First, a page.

I don't pay too much attention to you so don't know if you're for real or just a wannabe neuroscientist with a nifty avatar.
Just seems kinda odd you spend probably as much time on this forum as you do being a scientist... None of the science PhDs I work with divert so much of their energy in alternative directions.  But they're not in neurology; is that where the money is?

EOS Bodies / Re: 70D and Dxomark....
« on: August 30, 2013, 11:12:31 PM »
New thread with 70D lens cap tests and text interpretation.  sorry no time for visuals tonite.

Happy long weekend everybody.
Go shoot something!   w i t h   a   C A M E R A.

EOS Bodies / Re: Black-Cap event
« on: August 30, 2013, 11:09:23 PM »
70D in stock at my local store.
Goin' in for some lens cap shots.

Case in point - this is how Aglet evaluates a new camera: 'pictures' with the lens cap on.  He'll then boost the black images 4-5 stops, and tell us all how crappy the 'pictures' are, and how Canon still hasn't made their sensors cameras any better.


raw files are pushed 4 stops

Do you look for bio-luminescent markers with the room lights on?

(BTW, are you a real scientist?...  cuz you sure spend a LOT more time on this forum during the work day than I'd like to see any employee of mine doing)

EOS Bodies / 70D black-cap tests - Now with samples
« on: August 30, 2013, 11:02:53 PM »
Lens cap shots.  You bet! :)

Well, I had to process them using DNG-converter 8.2rc but that's likely adequate for now.

What I can see is that the noise structure of the 70D's sensor is still typical Canon; lots of noise in the red and blue channels and still a fair bit in green but the noise structures at base ISO are mostly fine-grained and should respond well to NR software.

There is still some larger structured noise banding tho it's mostly broad horizontal banding and unlikely to severely impact most images.  Dark-sky photographers pushing to look for dim details my be about the only ones who would run into problems.

edit:  BUT - I accidentally took the first 100 ISO dark shot with the info display activated, so rear LCD was ON. The resulting noise levels were much higher (~ between 400 & 800 iso dark shots) than the next 100 iso shot when I turned the display OFF.  The 100 iso dark shot with LCD display ON had much more red channel noise than any of the other shots.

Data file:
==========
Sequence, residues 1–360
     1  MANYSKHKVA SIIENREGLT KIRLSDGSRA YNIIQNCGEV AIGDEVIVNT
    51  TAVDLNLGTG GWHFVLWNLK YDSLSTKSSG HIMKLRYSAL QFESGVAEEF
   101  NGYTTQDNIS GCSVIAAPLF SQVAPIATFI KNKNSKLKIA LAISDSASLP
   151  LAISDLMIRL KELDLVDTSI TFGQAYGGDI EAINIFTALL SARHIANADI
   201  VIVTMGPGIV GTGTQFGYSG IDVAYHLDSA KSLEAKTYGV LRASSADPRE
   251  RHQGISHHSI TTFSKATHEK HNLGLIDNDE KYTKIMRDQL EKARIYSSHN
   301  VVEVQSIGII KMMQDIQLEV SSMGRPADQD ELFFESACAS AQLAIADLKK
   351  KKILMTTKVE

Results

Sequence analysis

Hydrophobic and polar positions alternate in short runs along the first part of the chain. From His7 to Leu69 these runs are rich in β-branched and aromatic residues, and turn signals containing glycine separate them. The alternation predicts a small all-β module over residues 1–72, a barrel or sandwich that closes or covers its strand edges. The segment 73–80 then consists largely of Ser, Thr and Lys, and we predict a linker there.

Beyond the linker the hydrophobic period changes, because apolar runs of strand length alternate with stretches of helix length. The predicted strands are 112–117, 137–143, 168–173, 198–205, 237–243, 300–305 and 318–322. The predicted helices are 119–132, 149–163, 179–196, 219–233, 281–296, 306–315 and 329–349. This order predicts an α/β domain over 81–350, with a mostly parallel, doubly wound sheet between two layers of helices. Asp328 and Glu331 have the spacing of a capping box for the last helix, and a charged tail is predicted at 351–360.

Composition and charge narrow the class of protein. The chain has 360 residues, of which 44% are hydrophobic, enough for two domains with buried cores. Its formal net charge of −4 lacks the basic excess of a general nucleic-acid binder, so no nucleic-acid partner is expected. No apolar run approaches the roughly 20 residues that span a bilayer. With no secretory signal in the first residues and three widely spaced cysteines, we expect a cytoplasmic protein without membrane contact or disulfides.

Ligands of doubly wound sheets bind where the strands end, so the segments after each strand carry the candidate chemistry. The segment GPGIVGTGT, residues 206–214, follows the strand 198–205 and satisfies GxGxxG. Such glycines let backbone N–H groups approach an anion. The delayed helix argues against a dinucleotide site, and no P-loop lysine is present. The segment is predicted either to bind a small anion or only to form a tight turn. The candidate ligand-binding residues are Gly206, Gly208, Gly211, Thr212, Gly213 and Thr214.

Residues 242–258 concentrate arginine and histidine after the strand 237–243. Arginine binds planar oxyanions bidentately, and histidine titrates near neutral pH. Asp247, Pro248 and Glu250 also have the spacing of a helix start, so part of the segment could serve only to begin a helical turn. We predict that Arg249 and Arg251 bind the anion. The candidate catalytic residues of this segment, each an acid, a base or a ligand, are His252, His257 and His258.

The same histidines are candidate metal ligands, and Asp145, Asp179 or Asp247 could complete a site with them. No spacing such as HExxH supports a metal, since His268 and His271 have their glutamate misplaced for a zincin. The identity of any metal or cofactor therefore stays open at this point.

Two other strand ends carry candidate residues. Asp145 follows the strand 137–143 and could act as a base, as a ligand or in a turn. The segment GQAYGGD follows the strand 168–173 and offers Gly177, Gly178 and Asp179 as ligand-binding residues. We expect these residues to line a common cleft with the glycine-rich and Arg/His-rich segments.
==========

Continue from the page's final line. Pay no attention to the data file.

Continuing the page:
200 and 400 ISO are similar but the noise structures are (more balanced) with both H & V elements.  Again, these are quite fine and will probably respond very well to typical NR software.

Noise starts to pick up at 800 ISO, noise structure similar to iso 400

1600 and 3200 iso show increasing overall noise levels as expected.  Noise structures become a little more obvious but, again, would respond well to NR software and only pushed large areas of continuous shades or tones may bely some of this non-uniformity.

6400 and 12800 are pretty noisy and continue to show some banding structures in both H & V axis but


FPN exists but is at a workably low level and may even be comparable to Toshiba's new sensor as far as noise structures.  However, overall TOTAL NOISE is still much higher than the Sony or Toshiba sensors and this will reduce effective maximum DR somewhat but that can be partly negated with NR software.

I would not steer anyone away from using this camera, it's comparable to the 6D for noise quality and certainly bests my 60D and blows away the 7D I used to have.

If you need the ultimate in clean black levels in your raw files then this is still not the camera for you.

BUT, using some decent noise-reduction software you can comfortably use the 70D in ways that the 7D and 60D before it would disappoint.  The 70D is "good enough" for most uses unless you're as picky as I am.  I know I could still find some situations where this camera might not perform as well as I'd like.

I could also not find any significant variation in noise structure I could attribute to the areas that were normal pixels VS. the AF pixels so they've done a really good job on that.

Polite applause for Canon.  They've certainly made some progress in this model.

EOS Bodies / Black-Cap event